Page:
The Expert: New York City hair colorist and salon owner Marie Robinson
She says: There's no need to chop off your hair—or see a professional, in most cases. First, pick a semi- or demi-permanent dye in the same shade as your natural color. The dye should be the opposite tone of your ombre ends because you'll use it to neutralize the lightened section. For example, a dark brunette with warm chestnut ends would use a cool ash-brown. Pick a deposit-only formula (with low or no ammonia) like L'Oreal Healthy Look Creme Gloss, $9. Apply the dye on your lighter ends only. A minute before you're supposed to rinse, get in the shower, wet your hair to emulsify the dye, then rub it all over as if you're shampooing. After you distribute the dye from root to tip, rinse.
Q: I let me hair air-dry into beauty waves during the summer, but it's getting a little too cold to go out with damp hair. Can I get the same texture with a dryer? —Carly Noreen, 30, Jacksonville, North Carolina
The Expert: New York City hairstylist and salon owner Ted Gibson
He says: Yes! Twist 1- to 1.5-inch sections of your damp hair (just like you'd absentmindedly twirl your hair), then mist them with a styling spray (I use my Ted Gibson Build It Blow Drying Agent, $20) and let them fall. Repeat all over, twisting in different directions each time. Blowdry the sections using a diffuser attachment, tilting your head so the twists rest on the prongs of the diffuser (don't scrunch or it will end up frizzy). If your hair is shoulder length or longer, here's an easier option: Mist damp hair with a volumizing spray, coil it into a topknot, pin it, and sleep with in place. When you wake up and remove the pins, you'll have waves.
Q: Now that it's not as humid, my skin is starting to feel dry. But I'm worried if I start using more moisturizing products, I'll break out. Is there a solution? —Kristyn Nucci, 20, Woodstock, Georgia
The Expert: Cambridge, Massachusetts, dermatologist Dr. Ranella Hirsch
She says: In the cooler, drier months of fall, your skin produces less sebum and sweat. Transitioning your skincare is simpler than you might think. Most of the time, the active ingredients you rely on don't need to change at all. Instead, what changes from season to season is the "vehicle." Think of skincare delivery vehicles on a spectrum from really thick creams to lotions, which are lighter, and then even-lighter-weight gels. The swap most people with normal or combination skin should make from August to September is from a light gel to a lotion. In winter, you can go from a lotion to a cream. Since you're changing vehicles, not active ingredients, you shouldn't have an issue with pimples. Acne is a more common problem during the shift from spring to summer, when people continue to use heavier products that can block pores when they're sweating or when it's humid.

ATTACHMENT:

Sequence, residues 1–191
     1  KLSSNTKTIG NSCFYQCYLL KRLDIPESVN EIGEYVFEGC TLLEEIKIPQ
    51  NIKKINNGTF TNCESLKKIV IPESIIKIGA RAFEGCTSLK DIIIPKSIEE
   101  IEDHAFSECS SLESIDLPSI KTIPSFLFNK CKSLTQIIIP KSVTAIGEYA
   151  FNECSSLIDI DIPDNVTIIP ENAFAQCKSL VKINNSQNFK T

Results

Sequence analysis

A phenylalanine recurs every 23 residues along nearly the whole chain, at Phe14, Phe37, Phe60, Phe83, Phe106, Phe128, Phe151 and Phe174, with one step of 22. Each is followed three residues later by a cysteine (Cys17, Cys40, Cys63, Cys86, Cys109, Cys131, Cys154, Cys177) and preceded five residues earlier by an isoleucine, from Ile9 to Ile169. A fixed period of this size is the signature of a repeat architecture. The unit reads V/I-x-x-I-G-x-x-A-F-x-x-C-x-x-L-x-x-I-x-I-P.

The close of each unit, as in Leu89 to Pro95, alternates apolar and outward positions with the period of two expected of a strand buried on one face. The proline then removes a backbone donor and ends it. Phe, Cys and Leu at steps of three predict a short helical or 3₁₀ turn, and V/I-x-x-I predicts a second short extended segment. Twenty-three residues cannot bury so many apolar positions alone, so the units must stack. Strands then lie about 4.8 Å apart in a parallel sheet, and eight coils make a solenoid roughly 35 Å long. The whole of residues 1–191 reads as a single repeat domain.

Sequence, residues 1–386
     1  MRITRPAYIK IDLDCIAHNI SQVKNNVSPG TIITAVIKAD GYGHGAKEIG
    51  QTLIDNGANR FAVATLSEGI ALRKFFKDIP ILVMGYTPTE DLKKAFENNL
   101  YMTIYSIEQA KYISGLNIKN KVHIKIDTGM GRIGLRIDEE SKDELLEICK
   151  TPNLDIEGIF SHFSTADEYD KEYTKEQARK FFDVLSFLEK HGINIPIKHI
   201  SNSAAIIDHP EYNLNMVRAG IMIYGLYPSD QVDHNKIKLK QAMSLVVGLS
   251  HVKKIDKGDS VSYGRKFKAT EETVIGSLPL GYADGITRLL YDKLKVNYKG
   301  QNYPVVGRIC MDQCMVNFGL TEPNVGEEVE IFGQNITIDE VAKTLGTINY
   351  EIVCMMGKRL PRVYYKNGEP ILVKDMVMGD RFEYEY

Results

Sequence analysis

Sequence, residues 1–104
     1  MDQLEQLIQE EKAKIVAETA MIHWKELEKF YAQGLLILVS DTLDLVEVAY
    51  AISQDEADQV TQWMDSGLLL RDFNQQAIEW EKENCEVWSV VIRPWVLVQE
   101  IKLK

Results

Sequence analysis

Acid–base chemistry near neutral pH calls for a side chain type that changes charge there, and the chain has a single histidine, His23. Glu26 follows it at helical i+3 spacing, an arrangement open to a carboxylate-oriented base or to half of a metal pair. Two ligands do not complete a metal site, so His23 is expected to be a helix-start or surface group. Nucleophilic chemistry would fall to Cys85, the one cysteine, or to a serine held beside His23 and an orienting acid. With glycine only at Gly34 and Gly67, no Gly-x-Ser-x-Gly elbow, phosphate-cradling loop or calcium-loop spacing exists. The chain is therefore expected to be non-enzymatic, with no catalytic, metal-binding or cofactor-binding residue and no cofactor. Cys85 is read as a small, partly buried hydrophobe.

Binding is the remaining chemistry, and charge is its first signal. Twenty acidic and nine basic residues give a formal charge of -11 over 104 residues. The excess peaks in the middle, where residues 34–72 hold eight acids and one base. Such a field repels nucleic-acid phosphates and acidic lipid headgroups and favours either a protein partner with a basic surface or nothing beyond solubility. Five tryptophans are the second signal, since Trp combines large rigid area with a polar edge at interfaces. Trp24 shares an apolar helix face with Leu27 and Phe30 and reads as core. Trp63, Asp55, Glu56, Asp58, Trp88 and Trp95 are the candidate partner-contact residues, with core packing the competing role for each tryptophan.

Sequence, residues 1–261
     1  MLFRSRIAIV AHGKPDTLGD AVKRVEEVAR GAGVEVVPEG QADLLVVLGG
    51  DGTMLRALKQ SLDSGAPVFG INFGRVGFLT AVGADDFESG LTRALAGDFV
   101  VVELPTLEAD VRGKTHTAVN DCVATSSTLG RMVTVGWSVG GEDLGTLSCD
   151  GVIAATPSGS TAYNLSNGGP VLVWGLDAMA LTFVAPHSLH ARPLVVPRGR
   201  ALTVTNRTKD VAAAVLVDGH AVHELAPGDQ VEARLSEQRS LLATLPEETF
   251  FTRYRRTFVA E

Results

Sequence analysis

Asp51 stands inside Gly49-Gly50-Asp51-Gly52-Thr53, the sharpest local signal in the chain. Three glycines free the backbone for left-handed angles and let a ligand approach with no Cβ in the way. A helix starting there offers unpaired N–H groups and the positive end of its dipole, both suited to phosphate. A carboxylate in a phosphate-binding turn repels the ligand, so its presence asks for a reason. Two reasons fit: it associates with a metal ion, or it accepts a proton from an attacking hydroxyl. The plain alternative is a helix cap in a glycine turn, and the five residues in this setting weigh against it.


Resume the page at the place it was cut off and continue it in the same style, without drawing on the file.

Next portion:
Q: I've been doing the glowy, bronzy thing all summer, but I feel like I should update my makeup look for fall. What do you suggest? —Erin Eastburn, 24, New York City
The Expert: New York City makeup artist Christian McCulloch
He says: Just because it's September doesn't mean the smoky eye and red lipstick need to come out! I think fall and winter are when you need bronzer most. You still want your complexion to look fresh and healthy, and bronzer gives you that little shot of sun. Kate Moss is a prime example: She keeps a little goldenness going on year-round. I suggest dusting on a bronzer with a bit of shimmer (I love Dolce&Gabbana The Bronzer Glow Bronzing Powder in Cashmere, $50) from the tops of the apples of your cheeks to your cheekbones toward your ears, then sweeping it in a C-shape up to your temples. Then, without adding anymore product, skim the brush across your nose—just to blend it all together. The size of the brush does make a difference. A giant brush is not ideal, because instead of targeting the cheekbones, it hits everything indiscriminately. Get more control with a soft blender brush like the MAC 129 Powder/Blush Brush, $35.
Q: I've noticed brown spots on my forehead, near my hairline. What are they—and how do I get rid of them? —Beth Scarnati, 34, Los Angeles
The Expert: New York City dermatologist at Marmur Medical Dr. Ellen Marmur
She says: If you weren't careful about applying sunscreen all the way up into your hairline this summer, it could be sun-related. (These spots are usually a bit larger than typical nose and cheek freckles.) If the discoloration looks like large, blotchy patches that run together, it might be melasma, a form of hyper- pigmentation triggered by high estrogen levels. Either way, if you don't wear sunscreen loyally every day, you'll never get rid of the spots. Once you have the SPF habit down, use a topical product that inhibits melanin production (with ingredients like kojic acid, arbutin, or licorice root) and blocks the transfer of it to the skin's surface (using ingredients like soy or niacinamide). SkinCeuticals Advanced Pigment Corrector, $90, does both. The key with any treatment for hyperpigmentation is to use it diligently day and night—and stick with it! Most of my patients give up after a couple weeks, but brown-spot reduction can take at least 12 weeks, even with a prescription-strength product.
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